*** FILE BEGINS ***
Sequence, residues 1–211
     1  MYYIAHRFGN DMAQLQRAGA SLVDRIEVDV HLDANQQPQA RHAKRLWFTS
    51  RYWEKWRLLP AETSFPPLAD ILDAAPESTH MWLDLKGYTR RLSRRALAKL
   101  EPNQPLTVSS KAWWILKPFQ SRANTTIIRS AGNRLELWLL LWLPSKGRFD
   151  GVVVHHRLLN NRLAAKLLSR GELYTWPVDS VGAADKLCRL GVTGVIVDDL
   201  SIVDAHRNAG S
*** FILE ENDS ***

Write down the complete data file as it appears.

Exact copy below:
Sequence, residues 1–211
     1  MYYIAHRFGN DMAQLQRAGA SLVDRIEVDV HLDANQQPQA RHAKRLWFTS
    51  RYWEKWRLLP AETSFPPLAD ILDAAPESTH MWLDLKGYTR RLSRRALAKL
   101  EPNQPLTVSS KAWWILKPFQ SRANTTIIRS AGNRLELWLL LWLPSKGRFD
   151  GVVVHHRLLN NRLAAKLLSR GELYTWPVDS VGAADKLCRL GVTGVIVDDL
   201  SIVDAHRNAG S